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Revisiting our Model

In document FROM DUST TO DATA (Sider 87-91)

Public Value vs. Economic Value

In chapter 2, we discussed and defined what ‘value’ contains when considering a data-driven approach to value creation in the museum context. This was summarized as the dimensions of public and economic value. Big Data technologies are primarily seen as means to generate economic value for an organization, for example by being able to market products and services in a more targeted and hence effective way to customers. This, as illustrated in the analysis, also applies to a museum context, where museums can gather more detailed data on their visitors in order to present them

with more personalized experiences. However, the competitive situation for public museums differs from most private organizations. While private companies can use their data, analytical capabilities and data insights as a competitive advantage, public museums face a much more challenging situation in regards of establishing a competitive advantage based on their data insights. Private organizations can ensure their competitive advantage by establishing a controlled access to their data (Günther et al., 2017). However, museums are required to choose an open mode of access due to their public nature and the public value they are expected to deliver. As a consequence, the need to generate public value can have limiting effects on museums’ ability to create economic value with a data-driven approach. This can also be illustrated with the impact of social risks that lie within the use of Big Data. While private organizations also face social risks, they can choose to neglect them or react on them reactively, as numbers of cases illustrates. Facebook, for example, addressed the social problems that were a result of their negligent use of personal user data after these practices were publicly revealed (BBC, 2018; Forbes Agency Council, 2018). Public museums, however, have to act more proactively in order to deliver on the public value of being a trusted and legit institution in society. Jeopardizing this position through the careless use of Big Data would not only affect the museums themselves, but would also negatively reflect on the government which funds and regulates the museums. In general, the relevance of the public (social) value dimension in terms of data-driven value creation hence appears to be more prominent for public museums than for private organizations.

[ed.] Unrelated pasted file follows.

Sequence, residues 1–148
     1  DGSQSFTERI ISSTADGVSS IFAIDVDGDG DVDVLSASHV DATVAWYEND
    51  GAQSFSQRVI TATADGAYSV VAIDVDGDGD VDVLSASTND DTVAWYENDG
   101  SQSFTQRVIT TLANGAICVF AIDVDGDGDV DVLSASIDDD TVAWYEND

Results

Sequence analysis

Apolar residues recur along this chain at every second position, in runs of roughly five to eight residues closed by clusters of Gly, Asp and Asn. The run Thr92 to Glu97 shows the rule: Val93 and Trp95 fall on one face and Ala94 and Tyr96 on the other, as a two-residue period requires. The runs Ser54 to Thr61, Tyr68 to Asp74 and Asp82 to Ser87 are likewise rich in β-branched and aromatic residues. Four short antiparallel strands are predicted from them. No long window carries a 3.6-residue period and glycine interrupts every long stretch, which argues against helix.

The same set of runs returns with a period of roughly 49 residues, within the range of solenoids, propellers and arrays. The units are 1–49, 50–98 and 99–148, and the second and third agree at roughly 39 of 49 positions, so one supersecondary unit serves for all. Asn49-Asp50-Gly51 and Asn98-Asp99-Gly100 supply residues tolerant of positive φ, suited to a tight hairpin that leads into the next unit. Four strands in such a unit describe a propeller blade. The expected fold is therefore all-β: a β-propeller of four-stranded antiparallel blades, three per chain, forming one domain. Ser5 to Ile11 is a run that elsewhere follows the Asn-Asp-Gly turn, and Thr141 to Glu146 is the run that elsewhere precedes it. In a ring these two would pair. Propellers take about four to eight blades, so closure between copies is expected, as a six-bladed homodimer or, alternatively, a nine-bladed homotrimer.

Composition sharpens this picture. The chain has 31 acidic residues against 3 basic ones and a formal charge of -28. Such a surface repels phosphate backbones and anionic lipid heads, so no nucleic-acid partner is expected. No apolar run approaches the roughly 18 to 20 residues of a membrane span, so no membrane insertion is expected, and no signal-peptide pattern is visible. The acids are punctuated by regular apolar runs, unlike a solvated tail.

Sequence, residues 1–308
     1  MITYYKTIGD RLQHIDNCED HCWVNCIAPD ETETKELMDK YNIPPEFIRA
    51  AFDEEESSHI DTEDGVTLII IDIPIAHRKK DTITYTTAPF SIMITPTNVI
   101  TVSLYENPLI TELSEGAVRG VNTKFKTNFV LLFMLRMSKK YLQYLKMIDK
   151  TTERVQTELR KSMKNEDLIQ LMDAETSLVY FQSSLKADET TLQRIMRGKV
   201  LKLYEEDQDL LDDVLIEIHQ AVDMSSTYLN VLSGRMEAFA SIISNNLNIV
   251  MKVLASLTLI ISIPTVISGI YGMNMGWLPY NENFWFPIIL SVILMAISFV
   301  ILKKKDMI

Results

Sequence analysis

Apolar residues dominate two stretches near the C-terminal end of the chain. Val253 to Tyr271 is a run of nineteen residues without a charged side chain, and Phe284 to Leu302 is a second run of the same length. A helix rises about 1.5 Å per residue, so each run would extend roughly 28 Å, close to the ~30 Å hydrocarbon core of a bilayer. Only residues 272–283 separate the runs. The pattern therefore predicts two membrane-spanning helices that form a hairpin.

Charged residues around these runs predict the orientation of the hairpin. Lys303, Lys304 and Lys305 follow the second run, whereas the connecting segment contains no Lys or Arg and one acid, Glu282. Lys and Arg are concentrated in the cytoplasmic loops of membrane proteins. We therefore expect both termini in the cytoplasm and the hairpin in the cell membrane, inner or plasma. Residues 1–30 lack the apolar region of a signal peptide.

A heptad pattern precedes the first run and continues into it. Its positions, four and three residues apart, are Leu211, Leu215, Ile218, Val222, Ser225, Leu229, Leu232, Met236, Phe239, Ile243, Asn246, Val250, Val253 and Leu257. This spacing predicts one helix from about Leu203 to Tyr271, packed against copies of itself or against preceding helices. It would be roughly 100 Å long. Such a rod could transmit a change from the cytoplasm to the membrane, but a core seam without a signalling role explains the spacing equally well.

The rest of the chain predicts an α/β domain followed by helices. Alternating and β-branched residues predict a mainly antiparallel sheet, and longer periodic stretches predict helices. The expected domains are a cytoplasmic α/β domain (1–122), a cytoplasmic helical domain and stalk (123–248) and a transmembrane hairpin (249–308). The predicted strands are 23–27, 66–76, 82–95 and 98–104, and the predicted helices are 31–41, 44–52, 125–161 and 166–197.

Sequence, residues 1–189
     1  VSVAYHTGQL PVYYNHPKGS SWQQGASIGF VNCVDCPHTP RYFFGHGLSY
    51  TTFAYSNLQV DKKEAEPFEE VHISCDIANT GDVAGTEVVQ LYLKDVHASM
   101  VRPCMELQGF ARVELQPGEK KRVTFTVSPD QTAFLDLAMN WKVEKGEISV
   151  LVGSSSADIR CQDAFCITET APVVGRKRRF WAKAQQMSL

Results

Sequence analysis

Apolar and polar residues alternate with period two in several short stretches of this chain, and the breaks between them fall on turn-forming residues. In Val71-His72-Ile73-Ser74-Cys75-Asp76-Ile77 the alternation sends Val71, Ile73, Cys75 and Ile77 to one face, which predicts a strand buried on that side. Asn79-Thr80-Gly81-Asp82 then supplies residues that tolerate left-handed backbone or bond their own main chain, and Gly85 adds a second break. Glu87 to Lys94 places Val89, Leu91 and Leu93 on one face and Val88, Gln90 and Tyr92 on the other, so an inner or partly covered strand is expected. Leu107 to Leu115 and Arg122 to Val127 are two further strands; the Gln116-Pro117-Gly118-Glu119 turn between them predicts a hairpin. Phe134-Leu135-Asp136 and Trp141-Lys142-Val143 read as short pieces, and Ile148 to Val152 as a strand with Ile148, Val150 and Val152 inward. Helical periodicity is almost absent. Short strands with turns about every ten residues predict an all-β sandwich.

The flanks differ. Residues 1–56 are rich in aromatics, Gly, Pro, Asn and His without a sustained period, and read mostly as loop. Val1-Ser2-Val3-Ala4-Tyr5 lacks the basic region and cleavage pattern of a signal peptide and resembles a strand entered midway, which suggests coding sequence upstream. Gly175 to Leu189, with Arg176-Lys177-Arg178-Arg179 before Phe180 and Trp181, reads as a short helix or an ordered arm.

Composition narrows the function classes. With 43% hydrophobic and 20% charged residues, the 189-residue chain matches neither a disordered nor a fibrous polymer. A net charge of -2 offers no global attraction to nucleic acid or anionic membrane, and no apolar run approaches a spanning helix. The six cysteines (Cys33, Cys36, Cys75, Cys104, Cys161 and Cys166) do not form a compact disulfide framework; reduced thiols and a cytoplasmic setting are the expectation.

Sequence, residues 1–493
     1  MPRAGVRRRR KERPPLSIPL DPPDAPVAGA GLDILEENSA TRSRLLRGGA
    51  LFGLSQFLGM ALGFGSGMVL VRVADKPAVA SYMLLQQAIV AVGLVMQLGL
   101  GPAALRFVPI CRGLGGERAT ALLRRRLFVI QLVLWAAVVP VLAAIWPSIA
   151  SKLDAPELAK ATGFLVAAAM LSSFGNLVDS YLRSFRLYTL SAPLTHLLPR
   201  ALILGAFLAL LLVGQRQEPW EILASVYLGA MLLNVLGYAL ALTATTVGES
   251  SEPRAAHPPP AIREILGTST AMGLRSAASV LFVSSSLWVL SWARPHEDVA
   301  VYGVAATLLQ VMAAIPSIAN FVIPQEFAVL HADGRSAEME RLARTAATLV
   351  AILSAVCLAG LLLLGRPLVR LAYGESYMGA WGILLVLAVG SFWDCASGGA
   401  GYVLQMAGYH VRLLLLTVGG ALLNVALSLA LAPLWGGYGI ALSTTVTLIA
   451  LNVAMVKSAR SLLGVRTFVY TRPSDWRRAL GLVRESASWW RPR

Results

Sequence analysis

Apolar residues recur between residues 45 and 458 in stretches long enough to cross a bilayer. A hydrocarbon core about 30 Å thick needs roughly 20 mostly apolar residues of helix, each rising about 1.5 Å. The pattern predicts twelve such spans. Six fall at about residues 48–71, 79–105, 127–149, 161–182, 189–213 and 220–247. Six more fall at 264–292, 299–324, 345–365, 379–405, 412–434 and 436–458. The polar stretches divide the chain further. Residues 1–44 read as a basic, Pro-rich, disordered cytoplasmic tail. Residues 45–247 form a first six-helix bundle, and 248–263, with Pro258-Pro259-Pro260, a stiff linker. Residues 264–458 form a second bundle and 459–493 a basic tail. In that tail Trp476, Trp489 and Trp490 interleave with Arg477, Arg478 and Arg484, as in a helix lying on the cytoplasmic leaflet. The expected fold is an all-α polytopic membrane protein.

The Strength of Interconnectivity

When we proposed our model in chapter 3, the data-driven approach formed the center of the model, which corresponded to Nograšek and Vintar (2014, 2015) model of organizational transformation, where Technology is placed in the middle. Even though a data-driven approach is not a technology as such, it is facilitated through different technologies as well as built on the foundation of digitization. However, in Nograšek and Vintar (2014, 2015) model, technology takes the central role because the authors understand it to be the driving, deterministic force for the organizational transformation in the different dimensions (structure, culture, processes, people). Already in our initial theoretical reflections, we implied that this deterministic force would not apply to a data-driven approach, as we understand Big Data from a socio-technological perspective, i.e. that society is influenced by Big Data and Big Data technologies and practices in turn are shaped by society. In an organizational context, we therefore expected that a data-driven approach could cause changes in all of the different dimensions while the impact of it would highly depend on the other dimensions.

However, what we did not fully account for from the beginning, and what we discovered throughout our analysis, was that the initial change does not necessarily start with the data-driven approach.